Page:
Hey, Space Fans!
You’re not alone—not on planet earth anyway; lots of people are into The Cosmos. After all, we have countless books on the subject, countless movies on the subject, educational endeavors at Space Camp, and NASA. It just goes to show that the interest in the final frontier is shared so much that we now have a day dedicated to it. May 1st was National Space Day. I’ve always had a passion for this incredible, mysterious expansion of space that we call The Universe. How can you not when it’s full of such beauty and wonder?
Since the dawn of man, we’ve pondered what mysteries the skies hold above us. And we finally answered some of our burning questions at the end of the Space Race when the Russians put the first person outside of the earth’s atmosphere (space!). The U.S. answered right back when we sent men to the moon.
Feats such as these have led to great discoveries and further investigations to understand what kind of environments make up our universe. We’ve come to discover a great deal of our universe through exploration and information sent back from probes. And yet, there is SO MUCH that we don’t know.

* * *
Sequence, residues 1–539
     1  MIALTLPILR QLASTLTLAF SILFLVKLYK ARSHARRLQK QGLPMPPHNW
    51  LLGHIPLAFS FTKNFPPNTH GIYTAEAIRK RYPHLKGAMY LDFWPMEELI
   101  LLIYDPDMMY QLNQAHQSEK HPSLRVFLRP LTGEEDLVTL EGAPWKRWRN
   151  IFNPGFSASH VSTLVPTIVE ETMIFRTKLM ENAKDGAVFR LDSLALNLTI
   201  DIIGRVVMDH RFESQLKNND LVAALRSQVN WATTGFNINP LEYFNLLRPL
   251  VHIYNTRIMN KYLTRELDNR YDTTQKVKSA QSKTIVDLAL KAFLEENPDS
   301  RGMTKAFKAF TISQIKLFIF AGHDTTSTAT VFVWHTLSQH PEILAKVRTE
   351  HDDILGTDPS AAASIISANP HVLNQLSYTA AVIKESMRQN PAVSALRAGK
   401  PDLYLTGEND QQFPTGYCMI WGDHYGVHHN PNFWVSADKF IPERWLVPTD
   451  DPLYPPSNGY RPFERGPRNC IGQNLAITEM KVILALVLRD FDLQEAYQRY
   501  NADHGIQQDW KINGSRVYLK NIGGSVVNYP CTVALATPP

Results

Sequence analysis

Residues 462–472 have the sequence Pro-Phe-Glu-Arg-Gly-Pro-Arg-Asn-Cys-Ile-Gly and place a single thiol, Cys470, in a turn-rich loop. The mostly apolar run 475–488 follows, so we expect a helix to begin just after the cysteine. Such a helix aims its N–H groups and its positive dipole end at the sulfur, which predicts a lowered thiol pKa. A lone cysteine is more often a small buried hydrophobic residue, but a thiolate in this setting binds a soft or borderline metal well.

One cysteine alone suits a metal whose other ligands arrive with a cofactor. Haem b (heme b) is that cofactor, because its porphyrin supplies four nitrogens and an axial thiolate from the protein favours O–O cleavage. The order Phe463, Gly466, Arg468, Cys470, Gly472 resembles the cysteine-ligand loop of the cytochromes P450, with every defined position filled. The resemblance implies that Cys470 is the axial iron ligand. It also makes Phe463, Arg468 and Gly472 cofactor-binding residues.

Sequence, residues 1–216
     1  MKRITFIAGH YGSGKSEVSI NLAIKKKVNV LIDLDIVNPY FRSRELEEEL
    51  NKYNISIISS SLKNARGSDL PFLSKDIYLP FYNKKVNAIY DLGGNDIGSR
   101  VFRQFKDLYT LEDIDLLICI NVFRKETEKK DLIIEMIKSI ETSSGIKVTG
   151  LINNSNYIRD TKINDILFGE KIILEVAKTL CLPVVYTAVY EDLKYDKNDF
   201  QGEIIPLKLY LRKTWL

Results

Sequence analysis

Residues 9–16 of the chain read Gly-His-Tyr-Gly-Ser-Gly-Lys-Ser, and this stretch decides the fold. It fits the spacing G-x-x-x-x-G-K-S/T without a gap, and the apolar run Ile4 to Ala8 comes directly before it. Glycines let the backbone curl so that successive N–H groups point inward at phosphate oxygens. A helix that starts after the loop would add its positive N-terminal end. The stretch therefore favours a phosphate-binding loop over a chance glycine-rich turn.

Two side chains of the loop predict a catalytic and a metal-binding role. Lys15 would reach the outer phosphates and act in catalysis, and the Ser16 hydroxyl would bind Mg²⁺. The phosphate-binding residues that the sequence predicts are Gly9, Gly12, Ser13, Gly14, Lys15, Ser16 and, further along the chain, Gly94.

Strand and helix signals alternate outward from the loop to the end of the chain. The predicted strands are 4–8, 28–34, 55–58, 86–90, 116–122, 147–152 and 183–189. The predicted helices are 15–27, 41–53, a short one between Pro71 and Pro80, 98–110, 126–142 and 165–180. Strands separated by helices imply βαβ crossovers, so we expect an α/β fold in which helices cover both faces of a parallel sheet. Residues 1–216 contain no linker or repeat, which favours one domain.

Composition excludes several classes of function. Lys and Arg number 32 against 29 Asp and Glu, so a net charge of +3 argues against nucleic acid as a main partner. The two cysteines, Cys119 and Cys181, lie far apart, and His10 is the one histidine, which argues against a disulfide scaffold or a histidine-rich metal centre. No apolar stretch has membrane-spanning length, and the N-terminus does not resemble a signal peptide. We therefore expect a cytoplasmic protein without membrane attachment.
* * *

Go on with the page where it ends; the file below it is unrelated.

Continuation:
For instance all of the planets, asteroids, stars, nebulae, and other things that you can see only make up 4% of our universe. The rest is made up of stuff that cannot be seen, detected, or even understood. We call these unknowables dark energy and dark matter.
If it’s undetectable, then how do we know that it’s there? you might ask. It’s a fair question—if we can’t detect it how can we know it’s there?
Well, we live in the Milky Way galaxy. Galaxies are clusters of stars, stars which mostly all have their own collection of planets just like our Sun has its collection of eight planets (of which earth is the third one out). Just as the planets are held in their rotations around the stars, the stars are moving about a giant black hole at the centers of galaxies!—pretty cool stuff!
But what’s more interesting than that is to discover that astronomers have done the math—they’ve calculated the total gravitational pull, all the mass of the objects in certain galaxies within our galactic neighborhood. The numbers don’t add up to keep everything tied together the way that they are. In other words, something is missing from our equation of what keeps the galaxies together.
Do dark energy and dark matter play a role in binding the stars? Someday we may discover how this works. Keep learning about the astronomical world and, as always, thanks for reading!